Wikipedia says about Stellar evolution:

Eventually the star's core exhausts its supply of hydrogen and the star begins to evolve off the main sequence. Without the outward radiation pressure generated by the fusion of hydrogen to counteract the force of gravity the core contracts until either electron degeneracy pressure becomes sufficient to oppose gravity or the core becomes hot enough (around 100 MK) for helium fusion to begin. Which of these happens first depends upon the star's mass.

However, when I look at the article about Triple-alpha process, I find the diagram below. It shows that the CNO cycle is activated at lower temperatures than the Triple Alpha process. During their main sequence life, CNO cycle was much less dominant than PP chain reactions, so if the star had at least some amount of C and H (the ingredients for CNO cycle), I would expect that to turn on before triple alpha process.

Given that collapse causes temperatures to rise, does the CNO cycle turn on when the temperature of the star is higher than what it was during its main sequence lifetime, when the CNO cycle is more energy efficient than both PP chain and Triple Alpha process? This is roughly in the middle of the diagram below.

I can see a few reasons why it wouldn't turn on:

  • If the star runs out of H, it runs out of it so completely that even CNO cycle wouldn't ignite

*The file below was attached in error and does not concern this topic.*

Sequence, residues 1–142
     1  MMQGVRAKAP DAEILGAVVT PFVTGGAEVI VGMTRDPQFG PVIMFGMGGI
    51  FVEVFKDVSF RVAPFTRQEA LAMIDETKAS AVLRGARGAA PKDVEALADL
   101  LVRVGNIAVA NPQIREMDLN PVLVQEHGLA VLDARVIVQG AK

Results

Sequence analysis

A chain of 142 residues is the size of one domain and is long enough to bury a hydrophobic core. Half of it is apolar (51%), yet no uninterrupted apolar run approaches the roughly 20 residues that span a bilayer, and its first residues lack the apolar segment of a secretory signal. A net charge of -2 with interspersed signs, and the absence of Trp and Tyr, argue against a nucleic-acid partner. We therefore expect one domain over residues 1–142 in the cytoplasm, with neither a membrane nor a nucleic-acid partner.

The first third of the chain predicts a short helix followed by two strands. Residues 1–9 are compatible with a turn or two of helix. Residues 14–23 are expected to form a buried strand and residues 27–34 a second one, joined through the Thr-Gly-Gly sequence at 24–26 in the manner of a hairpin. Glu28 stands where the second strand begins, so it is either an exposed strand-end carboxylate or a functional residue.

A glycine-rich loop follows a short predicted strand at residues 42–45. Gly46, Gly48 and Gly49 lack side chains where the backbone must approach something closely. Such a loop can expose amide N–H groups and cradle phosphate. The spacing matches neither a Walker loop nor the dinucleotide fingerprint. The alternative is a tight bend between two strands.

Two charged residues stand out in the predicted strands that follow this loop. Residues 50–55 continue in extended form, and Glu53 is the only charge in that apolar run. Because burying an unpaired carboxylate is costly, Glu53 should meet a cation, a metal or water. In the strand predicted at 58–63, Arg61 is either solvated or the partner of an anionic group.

• Collapse happens so quickly that temperatures reach the regime where the Triple Alpha process is much more energy efficient than CNO Cycle, so that will be activated.

By energy efficient I mean producing more energy at that temperature.

enter image description here

  • 1
    $\begingroup$ BTW, as the Wikipedia link says, the CNO cycle is already operating in the Sun, but "only 1.7% of $^4\mathrm{He}$ nuclei produced in the Sun are born in the CNO cycle". That percentage will gradually increase as the core temperature continues to rise. Also, the triple alpha process won't commence when the Sun leaves the main sequence. It'll do hydrogen shell burning for ~1 billion years before the helium flash happens. See en.wikipedia.org/wiki/Sun#After_core_hydrogen_exhaustion $\endgroup$
    – PM 2Ring
    May 29, 2021 at 11:05
  • $\begingroup$ Thank you, indeed I got it wrong. $\endgroup$
    – zabop
    May 29, 2021 at 13:57

1 Answer 1


Both the CNO cycle and p-p chain are different mechanisms for hydrogen fusion. For different masses (and hence internal temperatures), one or the other might be more dominant, or both may be present at the same time. But the common thing is that once a main sequence star exhausts the hydrogen fuel in its core, no more hydrogen fusion can occur, whether it is the CNO cycle or the p-p chain.

You are correct that the relative significance of the CNO cycle will increase throughout the Sun's main sequence lifetime. (It is already occuring now, to a small extent.) This is because helium ash will accumulate in the core, causing it to contract and increase in temperature, hence increasing the relative dominance of the CNO cycle. However this effect can be taken to be relatively insignificant.


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